6 Ways Income Taxes Will Be Different in 2021

Every year brings some degree of change regarding filing income taxes. While 2020 taxes are a done deal, it’s never too early to begin thinking about the next tax year. To help you be prepared for next year’s filing, here are 6 Ways Income Taxes Will Be Different for 2021.

Standard Deduction Increase

Standard deductions reduce the amount of your income that is subject to federal tax. Most taxpayers do not have enough deductions to itemize, so they take the standard deduction. Annual adjustments for inflation cause the standard deduction to increase slightly each tax year. For 2021, here are the standard deductions and the amount of the increase from the prior year.

  • Married filing jointly $25,100, up $300
  • Single and married filing separately $12,550, up $150
  • Head of household $18,800, up $150

While itemizing is more work, if your itemized deductions exced the standard deduction allowance for your tax filing category, itemizing makes sense.

Higher Tax Brackets

You already know the more money you earn, the more you pay in taxes. How much you earn, your income, along with your filing status, determines your tax bracket. There are seven tax brackets with the top tax rate being 37 percent for taxable income over $518,400. Brackets are adjusted annually to account for inflation. For 2021, tax bracket thresholds were increased by about 1 percent over 2020 levels.

Capital gains

When you sell an investment like real estate, stocks, or bonds, for more than you paid the net profit you make is taxed as either short- or long-term capital gains. If you held your investment for less than one year, you pay short-term capital gains. For investments held more than one year and one day, the capital gains tax on the profit you made is long-term. Short-term capital gains are taxed like regular income and up to $3,000 of short-term losses can be deducted. However, long-term capital gains are taxed different rates (0 – 20 percent) depending on taxable income and marital status.

For example, if you’re single and your income is below $40,400 in 2021, you fall into the 0 percent capital gains tax bracket. However, if you’re single and earn between $40,401 and $445,850, you move into the 15 percent bracket. Above that, it’s the 20 percent bracket for you.

The 0 percent bracket is approximately double for married couples ($80,800), but above that, brackets are close to the single filer brackets (15 percent up to $501,600 and 20 percent above that).

Individual Tax Credits

Tax credits lower your overall tax bill. There are quite a few credits to consider, but the most popular ones are the earned income tax credit, the saver’s tax credit, and the lifetime learning tax credit.

Earned income credit is for low- and middle-income taxpayers and is based on income, filing status, and number of children, although taxpayers without children can qualify. For 2021, the earned income credit ranges are up very slightly over 2020 and range from $543 to $6,728. Some criteria for the credit are having at least $1 of earned income, investment income must be $3,650 or less. Other stipulations apply, so check with your tax preparer to see if you qualify.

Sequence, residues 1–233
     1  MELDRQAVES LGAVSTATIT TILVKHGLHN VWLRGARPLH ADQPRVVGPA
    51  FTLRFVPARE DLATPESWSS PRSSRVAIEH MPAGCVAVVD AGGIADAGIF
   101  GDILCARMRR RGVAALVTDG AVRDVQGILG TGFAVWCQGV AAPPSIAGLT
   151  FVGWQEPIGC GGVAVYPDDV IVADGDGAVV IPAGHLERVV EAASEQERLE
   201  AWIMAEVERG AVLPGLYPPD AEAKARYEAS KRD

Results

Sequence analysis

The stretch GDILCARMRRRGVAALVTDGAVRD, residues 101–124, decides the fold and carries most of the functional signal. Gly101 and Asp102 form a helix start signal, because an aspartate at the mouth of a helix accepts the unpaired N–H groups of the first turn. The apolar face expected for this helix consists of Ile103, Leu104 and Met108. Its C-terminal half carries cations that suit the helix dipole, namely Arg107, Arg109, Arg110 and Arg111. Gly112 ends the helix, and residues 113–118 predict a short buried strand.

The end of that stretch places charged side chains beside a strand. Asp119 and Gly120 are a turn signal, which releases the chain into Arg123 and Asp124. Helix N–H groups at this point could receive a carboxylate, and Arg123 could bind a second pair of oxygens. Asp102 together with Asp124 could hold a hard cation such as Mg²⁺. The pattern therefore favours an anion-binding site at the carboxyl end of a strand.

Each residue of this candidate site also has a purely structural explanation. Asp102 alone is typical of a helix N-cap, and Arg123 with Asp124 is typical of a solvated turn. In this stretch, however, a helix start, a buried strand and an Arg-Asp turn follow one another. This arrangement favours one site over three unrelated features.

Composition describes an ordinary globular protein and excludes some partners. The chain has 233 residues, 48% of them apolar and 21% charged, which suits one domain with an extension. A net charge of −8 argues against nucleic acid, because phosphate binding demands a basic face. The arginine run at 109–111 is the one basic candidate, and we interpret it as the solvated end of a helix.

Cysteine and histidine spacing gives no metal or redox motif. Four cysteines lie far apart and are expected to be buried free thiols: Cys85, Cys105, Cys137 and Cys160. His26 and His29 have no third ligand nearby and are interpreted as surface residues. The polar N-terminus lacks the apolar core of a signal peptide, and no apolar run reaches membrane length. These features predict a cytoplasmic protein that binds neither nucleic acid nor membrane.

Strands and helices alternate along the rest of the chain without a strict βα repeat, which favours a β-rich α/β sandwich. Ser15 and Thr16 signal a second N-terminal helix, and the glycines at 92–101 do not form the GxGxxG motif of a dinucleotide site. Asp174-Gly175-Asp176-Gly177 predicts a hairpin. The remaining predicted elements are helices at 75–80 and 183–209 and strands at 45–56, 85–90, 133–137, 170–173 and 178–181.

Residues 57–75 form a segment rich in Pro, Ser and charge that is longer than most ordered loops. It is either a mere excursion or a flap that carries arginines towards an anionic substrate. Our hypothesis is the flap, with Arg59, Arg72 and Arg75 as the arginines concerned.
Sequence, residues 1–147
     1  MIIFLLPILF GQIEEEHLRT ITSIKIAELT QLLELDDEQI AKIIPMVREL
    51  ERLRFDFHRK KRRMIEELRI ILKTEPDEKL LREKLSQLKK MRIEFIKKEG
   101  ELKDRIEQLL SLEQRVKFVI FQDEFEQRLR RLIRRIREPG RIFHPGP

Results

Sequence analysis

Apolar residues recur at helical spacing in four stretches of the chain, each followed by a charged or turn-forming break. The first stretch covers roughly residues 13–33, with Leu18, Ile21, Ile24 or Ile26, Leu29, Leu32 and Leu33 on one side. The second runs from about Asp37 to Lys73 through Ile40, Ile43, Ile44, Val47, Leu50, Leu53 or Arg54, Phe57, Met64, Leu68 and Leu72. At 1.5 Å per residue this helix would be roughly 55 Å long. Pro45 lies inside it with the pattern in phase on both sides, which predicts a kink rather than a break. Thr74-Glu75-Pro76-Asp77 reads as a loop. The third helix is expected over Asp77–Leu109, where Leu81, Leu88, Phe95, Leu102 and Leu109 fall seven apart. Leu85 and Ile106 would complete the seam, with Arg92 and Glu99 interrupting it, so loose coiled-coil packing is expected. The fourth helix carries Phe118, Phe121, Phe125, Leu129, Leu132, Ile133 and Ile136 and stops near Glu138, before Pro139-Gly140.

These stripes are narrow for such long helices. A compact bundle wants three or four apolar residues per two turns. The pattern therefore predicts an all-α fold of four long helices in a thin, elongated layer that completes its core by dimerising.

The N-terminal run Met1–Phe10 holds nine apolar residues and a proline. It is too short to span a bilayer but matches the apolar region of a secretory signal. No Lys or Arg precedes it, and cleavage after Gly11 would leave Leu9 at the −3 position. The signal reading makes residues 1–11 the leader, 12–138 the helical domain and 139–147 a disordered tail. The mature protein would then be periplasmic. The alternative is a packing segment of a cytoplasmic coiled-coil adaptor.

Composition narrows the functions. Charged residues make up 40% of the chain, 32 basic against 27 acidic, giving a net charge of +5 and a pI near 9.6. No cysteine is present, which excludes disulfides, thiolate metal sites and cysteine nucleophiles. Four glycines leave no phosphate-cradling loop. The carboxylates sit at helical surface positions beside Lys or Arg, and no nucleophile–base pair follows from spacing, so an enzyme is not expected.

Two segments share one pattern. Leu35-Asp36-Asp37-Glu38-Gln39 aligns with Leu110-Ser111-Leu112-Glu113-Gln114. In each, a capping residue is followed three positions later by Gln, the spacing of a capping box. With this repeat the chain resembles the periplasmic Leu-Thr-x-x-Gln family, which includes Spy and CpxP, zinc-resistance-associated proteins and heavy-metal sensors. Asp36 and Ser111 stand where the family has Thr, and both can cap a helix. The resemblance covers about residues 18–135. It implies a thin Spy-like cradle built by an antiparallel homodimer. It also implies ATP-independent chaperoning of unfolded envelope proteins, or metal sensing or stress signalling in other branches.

Saver’s credit is also designed for low- and middle-income taxpayers and is to encourage retirement contributions. Taxpayer adjusted gross income (AGI) must be less than $33,000 in 2021 (up slightly from $32,500 in 2020) to qualify for the credit for single or married filing separately. Married filing jointly AGI must be less than $66,000 in 2021 (up from $65,000 in 2020).

Lifetime learning credit is for taxpayers who incur education expenses during the year. There was little change in this credit for 2021. Married filing jointly income limits increased $1,000 (from $118,000 to $119,000 for full credit and from $138,000 to $139,000 for partial credit). Other filing statuses will see no change for 2021.

Alternative Minimum Tax

The AMT exemption amount for 2021 is $73,600 for singles and $114,600 for married couples filing jointly. This is a change from 2020 when the exemption amount was $72,900 and $113,400 for married couples filing jointly.

Fringe Benefits, Medical Savings Accounts, and Estates

Most employee fringe benefits allowances for 2021 will continue at their 2020 levels; however, changes occur in health savings account (HSA) contributions, which increase by $50 for single and $100 for families from 2020.

The maximum out-of-pocket amounts for high-deductible health plans (HDHP) increases by $100 for single and $200 for families.

The federal estate tax targets the amount of wealth you can pass along when you die. It is no concern unless your estate is worth more than $11.7 million when you die. That figure is up from $11.58 million in 2020.

Retirement Plans

Contributions for 401(k) plans will not change from 2020 top off amount of $19,500 with a $6,500 catch-up contribution allowed for individuals 50 or older. Maximum contributions from all sources (employer and employee) rise by $1,000.


Of course, these are an overview of changes for the 2021 tax year. To be sure you’re up to speed on all the tax changes that impact you, be sure to speak to your trusted accountant.

Call 678-969-0523 to set up a free initial consultation with Roe CPA, P.C..